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PENERA vs. COMELEC (Premature Campaining) Final Nov 9 Resolution

PENERA vs. COMELEC (Premature Campaining) Final Nov 9 Resolution

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Published by Steve B. Salonga
The Supreme Court decision that effectively removed the crime of premature campaigning from our election laws. Until another challenge is filed, this decision must stand.
The Supreme Court decision that effectively removed the crime of premature campaigning from our election laws. Until another challenge is filed, this decision must stand.

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Published by: Steve B. Salonga on Feb 05, 2013
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02/05/2013

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EN BANCROSALINDA A. PENERA,
Petitioner,
G.R. No. 181613
 Present:PUNO,
C.J.
,CARPIO,CORONA,CARPIO MORALES,CHICO-NAZARIO,VELASCO, JR.,- versus - NACHURA,LEONARDO-DE CASTRO,BRION,PERALTA,BERSAMIN,
 
DEL CASTILLO,ABAD, and
VILLARAMA, JR.,
 JJ.
COMMISSION ON ELECTIONS
Promulgated:
and EDGAR T. ANDANAR,
Respondents. November 25, 2009x - - - - - - - - - - - - - - - - - - - - - - - - - - - - - - - - - - - - - - - - - - - - - - - - - - x
R E S O L U T I O NCARPIO,
 J 
.:
We grant Rosalinda A. Penera’s (Penera) motion for reconsiderationof this Court’s Decision of 11 September 2009 (Decision).
 
The assailed Decision dismissed Penera’s petition and affirmed theResolution dated 30 July 2008 of the COMELEC En Banc as well as theResolution dated 24 July 2007 of the COMELEC Second Division. TheDecision disqualified Penera from running for the office of Mayor in Sta.Monica, Surigao del Norte and declared that the Vice-Mayor should succeedPenera.In support of her motion for reconsideration, Penera submits thefollowing arguments:
1. Penera was not yet a candidate at the time of the incident underSection 11 of RA 8436 as amended by Section 13 of RA 9369.2. The petition for disqualification failed to submit convincing andsubstantial evidence against Penera for violation of Section 80 of theOmnibus Election Code.3. Penera never admitted the allegations of the petition fordisqualification and has consistently disputed the charge of prematurecampaigning.4. The admission that Penera participated in a motorcade is not thesame as admitting she engaged in premature election campaigning.
Section 79(a) of the Omnibus Election Code defines a “candidate” as“any person aspiring for or seeking an elective public office, who has filed acertificate of candidacy x x x.” The second sentence, third paragraph,Section 15 of RA 8436, as amended by Section 13 of RA 9369, provides that
[a]ny person who files his certificate of candidacy within [the periodfor filing] shall
 only
be considered as a candidate at the start of thecampaign period for which he filed his certificate of candidacy.
” Theimmediately succeeding
 proviso
in the same third paragraph states that
unlawful acts or omissions applicable to a candidate shall take effect
 only
upon the start of the aforesaid campaign period.
 
These twoprovisions determine the resolution of this case.The Decision states that “[w]hen the campaign period starts and [theperson who filed his certificate of candidacy] proceeds with his/hercandidacy, his/her intent turning into actuality,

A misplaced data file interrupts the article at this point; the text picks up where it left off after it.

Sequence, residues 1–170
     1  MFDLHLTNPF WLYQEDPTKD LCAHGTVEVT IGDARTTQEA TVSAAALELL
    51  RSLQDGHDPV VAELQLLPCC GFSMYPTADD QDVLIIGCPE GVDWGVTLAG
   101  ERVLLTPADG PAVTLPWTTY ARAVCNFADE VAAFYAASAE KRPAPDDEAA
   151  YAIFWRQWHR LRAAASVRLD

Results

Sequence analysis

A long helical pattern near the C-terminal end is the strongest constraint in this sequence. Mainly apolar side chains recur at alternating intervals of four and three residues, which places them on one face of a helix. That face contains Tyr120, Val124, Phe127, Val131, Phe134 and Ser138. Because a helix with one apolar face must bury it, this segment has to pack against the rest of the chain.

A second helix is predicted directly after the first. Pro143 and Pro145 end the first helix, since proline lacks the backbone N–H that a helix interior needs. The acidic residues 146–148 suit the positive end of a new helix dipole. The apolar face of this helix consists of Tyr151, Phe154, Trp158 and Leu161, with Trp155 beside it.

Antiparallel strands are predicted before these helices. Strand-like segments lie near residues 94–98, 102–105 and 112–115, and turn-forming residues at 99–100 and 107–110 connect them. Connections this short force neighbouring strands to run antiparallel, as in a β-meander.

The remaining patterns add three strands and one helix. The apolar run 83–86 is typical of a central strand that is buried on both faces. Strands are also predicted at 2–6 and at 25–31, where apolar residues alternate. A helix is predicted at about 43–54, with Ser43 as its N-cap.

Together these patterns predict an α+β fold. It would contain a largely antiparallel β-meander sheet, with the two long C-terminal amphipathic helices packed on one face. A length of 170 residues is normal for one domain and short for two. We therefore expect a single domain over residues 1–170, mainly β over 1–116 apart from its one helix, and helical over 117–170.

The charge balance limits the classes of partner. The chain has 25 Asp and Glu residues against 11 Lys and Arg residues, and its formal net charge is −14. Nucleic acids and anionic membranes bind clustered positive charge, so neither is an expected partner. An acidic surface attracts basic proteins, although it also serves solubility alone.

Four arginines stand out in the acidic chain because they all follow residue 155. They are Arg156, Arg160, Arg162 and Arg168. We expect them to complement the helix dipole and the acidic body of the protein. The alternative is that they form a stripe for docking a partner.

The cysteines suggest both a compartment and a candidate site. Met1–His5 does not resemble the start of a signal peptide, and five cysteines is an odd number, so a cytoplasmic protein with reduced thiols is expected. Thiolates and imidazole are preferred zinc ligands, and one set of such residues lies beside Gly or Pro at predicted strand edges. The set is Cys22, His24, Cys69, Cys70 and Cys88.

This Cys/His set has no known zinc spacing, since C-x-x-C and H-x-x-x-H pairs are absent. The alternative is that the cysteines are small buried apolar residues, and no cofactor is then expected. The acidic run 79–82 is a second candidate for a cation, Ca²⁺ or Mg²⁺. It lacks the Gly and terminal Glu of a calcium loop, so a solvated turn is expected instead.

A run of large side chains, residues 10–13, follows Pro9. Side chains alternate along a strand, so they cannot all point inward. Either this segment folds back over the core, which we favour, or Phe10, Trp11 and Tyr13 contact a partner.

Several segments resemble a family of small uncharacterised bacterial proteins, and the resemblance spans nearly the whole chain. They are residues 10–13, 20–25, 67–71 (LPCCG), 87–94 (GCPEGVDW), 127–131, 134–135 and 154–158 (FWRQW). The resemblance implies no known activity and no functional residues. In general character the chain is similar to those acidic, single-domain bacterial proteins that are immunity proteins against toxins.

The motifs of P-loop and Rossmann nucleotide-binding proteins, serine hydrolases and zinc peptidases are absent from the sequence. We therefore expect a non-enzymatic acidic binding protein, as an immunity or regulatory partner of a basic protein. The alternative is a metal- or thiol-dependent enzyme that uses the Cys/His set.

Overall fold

we can already consider
 
his/her acts, after the filing of his/her COC and prior to the campaignperiod, as the promotion of his/her election as a candidate, hence,constituting premature campaigning, for which he/she may bedisqualified
.”
1[1]
 Under the Decision, a candidate may already be liable for prematurecampaigning after the filing of the certificate of candidacy but
even beforethe start of the campaign period
. From the filing of the certificate of candidacy, even long before the start of the campaign period, the Decisionconsiders the partisan political acts of a person so filing a certificate of candidacy
“as the promotion of his/her election as a candidate.”
Thus,such person can be disqualified for premature campaigning for acts donebefore the start of the campaign period.
In short, the Decision considers aperson who files a certificate of candidacy already a “
 candidate
” evenbefore the start of the campaign period.
The assailed Decision is contrary to the clear
intent and letter
of thelaw.The Decision reverses
 Lanot v. COMELEC 
,
2[2]
which held that
aperson who files a certificate of candidacy is not a candidate until thestart of the campaign period
. In
 Lanot,
this Court
 
explained:
Thus, the essential elements for violation of Section 80 of theOmnibus Election Code are: (1) a person engages in an election campaignor partisan political activity; (2) the act is designed to promote the electionor defeat of a particular candidate or candidates; (3) the act is done outsidethe campaign period.The second element requires the existence of a “candidate.” Under Section79(a), a candidate is one who “has filed a certificate of candidacy” to anelective public office. Unless one has filed his certificate of candidacy, he isnot a “candidate.” The third element requires that the campaign period hasnot started when the election campaign or partisan political activity iscommitted.Assuming that all candidates to a public office file their certificates of candidacy on the last day, which under Section 75 of the Omnibus Election
1 [1]
Decision, p. 23 (Boldfacing and underscoring supplied).
2[2]
G.R. No. 164858, 16 November 2006, 507 SCRA 114.

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